docker@manager1:~$ docker node ps worker1
ID   NAME   IMAGE  NODE     DESIRED STATE  CURRENT STATE           8t*  web.6  nginx  worker1  Running        Running 44 minutes ago
0k*  web.8  nginx  worker1  Running        Running 44 minutes ago
docker@manager1:~$
We can also use the docker node inspect command to check the availability of the node and as expected, you will find a section in the output as follows:
$ docker node inspect worker1
…..
"Spec": {
 "Role": "worker",
 "Availability": "active"
 },
…
or
docker@manager1:~$ docker node inspect — pretty worker1
ID: 9yq4lcmfg0382p39euk8lj9p4
Hostname: worker1
Joined at: 2016–09–16 08:32:24.5448505 +0000 utc
Status:
 State: Ready
 Availability: Active
Platform:
 Operating System: linux
 Architecture: x86_64
Resources:
 CPUs: 1
 Memory: 987.2 MiB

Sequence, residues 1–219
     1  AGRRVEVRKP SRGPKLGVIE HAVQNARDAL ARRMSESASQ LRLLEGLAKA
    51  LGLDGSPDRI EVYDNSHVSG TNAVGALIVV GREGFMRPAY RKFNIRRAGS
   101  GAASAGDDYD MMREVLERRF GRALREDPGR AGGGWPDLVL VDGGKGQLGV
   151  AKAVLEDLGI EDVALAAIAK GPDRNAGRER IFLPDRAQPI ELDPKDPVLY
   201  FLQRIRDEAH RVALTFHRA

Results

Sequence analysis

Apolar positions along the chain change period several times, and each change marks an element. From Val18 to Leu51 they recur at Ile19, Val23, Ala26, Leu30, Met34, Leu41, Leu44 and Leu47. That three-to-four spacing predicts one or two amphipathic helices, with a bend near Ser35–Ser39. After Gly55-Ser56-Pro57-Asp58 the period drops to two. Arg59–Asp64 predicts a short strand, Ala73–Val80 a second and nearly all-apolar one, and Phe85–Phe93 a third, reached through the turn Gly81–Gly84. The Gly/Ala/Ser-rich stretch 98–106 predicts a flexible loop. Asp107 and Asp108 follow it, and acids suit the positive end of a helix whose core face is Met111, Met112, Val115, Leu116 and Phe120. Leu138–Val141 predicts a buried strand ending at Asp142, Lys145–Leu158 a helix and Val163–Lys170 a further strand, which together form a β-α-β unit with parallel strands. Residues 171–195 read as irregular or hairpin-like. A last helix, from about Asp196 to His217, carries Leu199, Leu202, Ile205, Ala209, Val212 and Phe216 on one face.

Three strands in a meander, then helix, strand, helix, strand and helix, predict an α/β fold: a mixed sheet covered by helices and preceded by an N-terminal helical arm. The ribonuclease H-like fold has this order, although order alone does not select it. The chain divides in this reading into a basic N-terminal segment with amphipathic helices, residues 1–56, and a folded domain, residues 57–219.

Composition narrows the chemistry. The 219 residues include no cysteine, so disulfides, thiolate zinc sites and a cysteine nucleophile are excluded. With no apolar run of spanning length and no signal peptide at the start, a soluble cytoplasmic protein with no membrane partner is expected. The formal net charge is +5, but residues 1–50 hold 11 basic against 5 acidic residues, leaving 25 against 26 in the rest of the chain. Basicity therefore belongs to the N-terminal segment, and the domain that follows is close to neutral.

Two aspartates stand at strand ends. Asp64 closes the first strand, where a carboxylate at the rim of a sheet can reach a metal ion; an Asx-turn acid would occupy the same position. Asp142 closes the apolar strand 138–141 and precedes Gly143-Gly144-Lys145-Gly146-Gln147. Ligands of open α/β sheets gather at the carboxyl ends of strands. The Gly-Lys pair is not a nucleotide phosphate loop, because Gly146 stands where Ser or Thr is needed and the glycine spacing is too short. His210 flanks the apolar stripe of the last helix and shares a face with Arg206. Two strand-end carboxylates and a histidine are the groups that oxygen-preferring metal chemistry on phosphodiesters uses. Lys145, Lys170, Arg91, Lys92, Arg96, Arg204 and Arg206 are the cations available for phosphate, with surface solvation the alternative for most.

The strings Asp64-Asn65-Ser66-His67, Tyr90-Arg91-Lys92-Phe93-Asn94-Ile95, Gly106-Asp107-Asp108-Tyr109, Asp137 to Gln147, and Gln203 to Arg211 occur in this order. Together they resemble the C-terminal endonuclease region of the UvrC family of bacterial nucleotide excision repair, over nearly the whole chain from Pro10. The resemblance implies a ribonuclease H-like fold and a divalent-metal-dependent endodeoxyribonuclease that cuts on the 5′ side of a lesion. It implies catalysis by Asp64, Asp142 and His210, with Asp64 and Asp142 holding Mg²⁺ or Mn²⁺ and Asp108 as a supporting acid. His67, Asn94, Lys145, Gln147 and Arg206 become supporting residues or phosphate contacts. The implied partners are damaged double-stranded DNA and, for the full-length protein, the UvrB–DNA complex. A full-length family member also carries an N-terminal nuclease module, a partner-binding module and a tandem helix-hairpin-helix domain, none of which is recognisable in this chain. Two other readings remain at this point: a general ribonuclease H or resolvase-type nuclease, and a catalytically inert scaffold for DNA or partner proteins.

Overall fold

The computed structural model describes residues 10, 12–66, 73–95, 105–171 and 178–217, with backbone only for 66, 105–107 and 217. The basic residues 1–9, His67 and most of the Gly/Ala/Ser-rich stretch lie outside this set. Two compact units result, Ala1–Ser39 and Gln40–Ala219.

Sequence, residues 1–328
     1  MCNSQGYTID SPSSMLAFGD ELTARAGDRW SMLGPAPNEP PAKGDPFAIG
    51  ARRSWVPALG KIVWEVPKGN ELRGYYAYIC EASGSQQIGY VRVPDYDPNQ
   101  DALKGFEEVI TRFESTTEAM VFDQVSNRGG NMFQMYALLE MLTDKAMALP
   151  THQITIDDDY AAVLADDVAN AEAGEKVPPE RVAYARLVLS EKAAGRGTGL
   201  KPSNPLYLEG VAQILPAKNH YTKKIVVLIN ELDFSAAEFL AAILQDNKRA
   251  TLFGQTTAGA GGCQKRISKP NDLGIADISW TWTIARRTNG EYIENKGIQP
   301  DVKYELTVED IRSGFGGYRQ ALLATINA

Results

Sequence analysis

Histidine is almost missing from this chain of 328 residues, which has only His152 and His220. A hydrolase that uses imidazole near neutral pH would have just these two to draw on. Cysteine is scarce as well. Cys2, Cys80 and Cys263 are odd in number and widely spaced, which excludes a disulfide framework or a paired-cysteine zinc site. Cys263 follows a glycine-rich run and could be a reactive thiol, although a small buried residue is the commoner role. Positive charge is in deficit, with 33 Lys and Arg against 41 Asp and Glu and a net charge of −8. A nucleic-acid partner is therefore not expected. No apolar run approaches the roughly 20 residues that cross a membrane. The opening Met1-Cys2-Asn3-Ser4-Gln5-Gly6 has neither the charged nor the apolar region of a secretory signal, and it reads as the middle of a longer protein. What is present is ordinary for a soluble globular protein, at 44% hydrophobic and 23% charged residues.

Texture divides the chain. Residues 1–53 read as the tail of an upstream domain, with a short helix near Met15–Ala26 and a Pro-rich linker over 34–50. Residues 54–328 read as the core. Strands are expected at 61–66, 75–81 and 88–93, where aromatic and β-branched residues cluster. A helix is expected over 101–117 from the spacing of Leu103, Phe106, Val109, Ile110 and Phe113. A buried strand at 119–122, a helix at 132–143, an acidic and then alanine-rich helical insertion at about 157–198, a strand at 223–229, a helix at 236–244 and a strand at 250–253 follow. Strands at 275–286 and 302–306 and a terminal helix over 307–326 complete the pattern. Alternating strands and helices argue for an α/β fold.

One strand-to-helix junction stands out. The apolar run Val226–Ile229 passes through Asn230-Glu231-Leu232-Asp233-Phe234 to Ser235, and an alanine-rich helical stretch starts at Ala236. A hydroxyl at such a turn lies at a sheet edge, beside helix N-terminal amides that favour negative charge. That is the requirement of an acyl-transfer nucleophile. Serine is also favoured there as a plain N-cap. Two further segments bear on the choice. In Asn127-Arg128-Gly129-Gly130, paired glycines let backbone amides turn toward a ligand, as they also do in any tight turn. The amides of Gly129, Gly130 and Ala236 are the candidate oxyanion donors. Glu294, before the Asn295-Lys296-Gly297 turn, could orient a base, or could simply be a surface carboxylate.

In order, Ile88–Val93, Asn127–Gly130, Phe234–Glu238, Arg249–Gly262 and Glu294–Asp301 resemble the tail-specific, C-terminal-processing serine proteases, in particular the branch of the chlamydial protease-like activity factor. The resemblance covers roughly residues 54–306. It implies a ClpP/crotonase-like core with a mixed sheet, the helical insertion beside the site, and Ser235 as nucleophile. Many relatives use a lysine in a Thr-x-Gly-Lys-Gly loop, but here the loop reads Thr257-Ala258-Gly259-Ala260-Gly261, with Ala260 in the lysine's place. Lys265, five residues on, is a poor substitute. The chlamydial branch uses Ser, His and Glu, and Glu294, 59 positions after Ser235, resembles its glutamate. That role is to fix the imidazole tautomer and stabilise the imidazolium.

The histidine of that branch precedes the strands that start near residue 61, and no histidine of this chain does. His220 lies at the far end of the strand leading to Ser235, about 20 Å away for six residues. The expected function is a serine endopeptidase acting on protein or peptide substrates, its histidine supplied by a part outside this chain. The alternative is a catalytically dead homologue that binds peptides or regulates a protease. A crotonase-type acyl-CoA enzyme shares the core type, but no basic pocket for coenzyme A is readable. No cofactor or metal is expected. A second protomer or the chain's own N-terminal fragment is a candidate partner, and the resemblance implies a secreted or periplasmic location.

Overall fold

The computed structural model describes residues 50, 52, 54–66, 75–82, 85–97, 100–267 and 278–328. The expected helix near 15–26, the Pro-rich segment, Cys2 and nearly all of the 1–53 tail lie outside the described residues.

Plugins:
 Network: bridge, host, null, overlay
 Volume: local
Engine Version: 1.12.1
Engine Labels:
 — provider = hypervdocker@manager1:~$
We can see that it is “Active” for its Availability attribute.

Now, let us set the Availability to DRAIN. When we give that command, the Manager will stop tasks running on that node and launches the replicas on other nodes with ACTIVE availability.
So what we are expecting is that the Manager will bring the 2 containers running on worker1 and schedule them on the other nodes (manager1 or worker2 or worker3 or worker4 or worker5).
This is done by updating the node by setting its availability to “drain”.
docker@manager1:~$ docker node update --availability drain worker1
worker1
Now, if we do a process status for the service, we see an interesting output (I have trimmed the output for proper formatting):
docker@manager1:~$ docker service ps web
ID   NAME       IMAGE  NODE      DESIRED STATE  CURRENT STATE                 
7i*  web.1      nginx  worker3   Running   Running about an hour ago
17*  web.2      nginx  manager1  Running   Running about an hour ago
ey*  web.3      nginx  worker2   Running   Running about an hour ago
bd*  web.4      nginx  worker5   Running   Running about an hour ago